EDUCATION EXHIBIT - Continuing Medical Education

Imaging of Foot and Ankle Nerve Entrapment Syndromes: From Well-demonstrated to Unfamiliar Sites

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Nerve entrapment at the foot and ankle involves thin and complex anatomic structures and is underdiagnosed because clinical symptoms and electrophysiologic findings may not contribute to the diagnosis. Nerve entrapment can be secondary to acute trauma or repetitive microtrauma. The latter often results from intensive sports-related activity, inappropriate footwear, or internal foot derangement. Various lesions that occur in fibro-osseous tunnels can cause nerve compression (eg, ganglion cysts, varicosities, bone and joint abnormalities, tumors, tenosynovitis, supernumerary or hypertrophic muscles). Accurate nerve examination must be performed, particularly in patients with atypical ankle pain, to detect focal tenderness or paresthesia. Ultrasonography is useful in this setting because it yields both clinical and morphologic findings. High-resolution magnetic resonance imaging provides accurate delineation of the nervous system anatomy. Furthermore, technologic developments in the field of radiology are making it possible to obtain clearer, more accurate images. Radiologists must be aware of the main nerve entrapment syndromes at the foot and ankle and be able to perform accurate nerve examinations with different imaging modalities in patients with foot and ankle pain.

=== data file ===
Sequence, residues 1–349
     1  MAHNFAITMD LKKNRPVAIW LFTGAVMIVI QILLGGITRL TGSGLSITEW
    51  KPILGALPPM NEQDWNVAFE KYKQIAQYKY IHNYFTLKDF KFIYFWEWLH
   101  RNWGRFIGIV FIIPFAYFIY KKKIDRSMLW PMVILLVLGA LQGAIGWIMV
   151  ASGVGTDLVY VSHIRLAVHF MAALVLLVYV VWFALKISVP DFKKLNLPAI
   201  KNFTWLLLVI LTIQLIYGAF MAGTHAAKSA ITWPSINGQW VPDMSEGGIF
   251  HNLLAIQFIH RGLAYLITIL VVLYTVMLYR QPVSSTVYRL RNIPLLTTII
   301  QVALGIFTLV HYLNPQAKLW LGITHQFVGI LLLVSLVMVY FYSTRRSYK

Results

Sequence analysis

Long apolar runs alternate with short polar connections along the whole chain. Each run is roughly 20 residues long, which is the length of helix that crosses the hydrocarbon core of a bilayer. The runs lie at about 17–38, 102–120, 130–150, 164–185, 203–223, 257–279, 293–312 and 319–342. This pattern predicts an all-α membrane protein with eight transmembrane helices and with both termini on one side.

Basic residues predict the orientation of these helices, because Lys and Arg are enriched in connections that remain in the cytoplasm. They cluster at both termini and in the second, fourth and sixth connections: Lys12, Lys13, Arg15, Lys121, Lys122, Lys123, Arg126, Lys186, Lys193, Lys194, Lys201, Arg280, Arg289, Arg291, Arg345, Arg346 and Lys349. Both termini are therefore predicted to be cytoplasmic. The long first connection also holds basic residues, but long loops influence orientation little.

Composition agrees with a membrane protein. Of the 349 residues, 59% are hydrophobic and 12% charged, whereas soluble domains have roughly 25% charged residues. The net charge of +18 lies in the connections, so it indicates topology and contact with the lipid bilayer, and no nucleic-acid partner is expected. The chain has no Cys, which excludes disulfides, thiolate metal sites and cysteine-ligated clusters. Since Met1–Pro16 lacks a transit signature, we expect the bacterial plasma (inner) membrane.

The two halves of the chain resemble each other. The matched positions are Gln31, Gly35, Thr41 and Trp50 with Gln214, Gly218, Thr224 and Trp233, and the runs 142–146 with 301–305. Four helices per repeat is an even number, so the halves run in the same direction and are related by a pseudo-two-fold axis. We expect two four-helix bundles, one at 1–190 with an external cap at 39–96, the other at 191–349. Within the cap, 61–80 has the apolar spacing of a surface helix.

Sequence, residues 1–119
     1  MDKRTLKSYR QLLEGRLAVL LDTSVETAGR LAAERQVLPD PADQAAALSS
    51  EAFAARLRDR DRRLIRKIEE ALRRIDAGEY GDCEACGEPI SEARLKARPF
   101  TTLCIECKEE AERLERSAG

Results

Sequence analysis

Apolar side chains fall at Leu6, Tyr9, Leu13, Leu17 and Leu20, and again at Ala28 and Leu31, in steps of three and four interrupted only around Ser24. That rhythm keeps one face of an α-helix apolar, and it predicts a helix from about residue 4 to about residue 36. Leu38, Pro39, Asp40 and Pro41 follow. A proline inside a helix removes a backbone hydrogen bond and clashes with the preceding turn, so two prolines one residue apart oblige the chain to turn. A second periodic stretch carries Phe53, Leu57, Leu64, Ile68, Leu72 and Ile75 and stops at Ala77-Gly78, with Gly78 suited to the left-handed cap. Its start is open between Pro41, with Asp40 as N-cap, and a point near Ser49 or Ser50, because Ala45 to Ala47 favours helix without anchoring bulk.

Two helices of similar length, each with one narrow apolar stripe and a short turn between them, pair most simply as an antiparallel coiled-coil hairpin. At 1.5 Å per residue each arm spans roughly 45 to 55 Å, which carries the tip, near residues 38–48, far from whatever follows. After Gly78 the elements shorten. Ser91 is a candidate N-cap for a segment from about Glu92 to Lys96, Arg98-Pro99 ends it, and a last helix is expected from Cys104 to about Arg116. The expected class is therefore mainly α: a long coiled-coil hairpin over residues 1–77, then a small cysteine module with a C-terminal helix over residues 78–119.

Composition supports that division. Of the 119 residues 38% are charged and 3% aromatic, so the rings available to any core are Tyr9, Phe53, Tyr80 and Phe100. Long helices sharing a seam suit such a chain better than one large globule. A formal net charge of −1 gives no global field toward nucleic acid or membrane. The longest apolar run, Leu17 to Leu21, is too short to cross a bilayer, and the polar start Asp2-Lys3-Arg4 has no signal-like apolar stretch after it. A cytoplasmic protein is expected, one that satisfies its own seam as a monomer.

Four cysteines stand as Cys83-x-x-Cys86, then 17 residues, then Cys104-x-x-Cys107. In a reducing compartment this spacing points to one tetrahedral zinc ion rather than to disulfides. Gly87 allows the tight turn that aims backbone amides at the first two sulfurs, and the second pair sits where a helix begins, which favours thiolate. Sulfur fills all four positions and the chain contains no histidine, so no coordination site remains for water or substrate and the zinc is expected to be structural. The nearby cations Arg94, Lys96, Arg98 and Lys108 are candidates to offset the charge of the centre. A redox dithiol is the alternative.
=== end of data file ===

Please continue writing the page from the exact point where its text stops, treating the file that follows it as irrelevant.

© RSNA, 2003


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Article History

Published in print: May 2003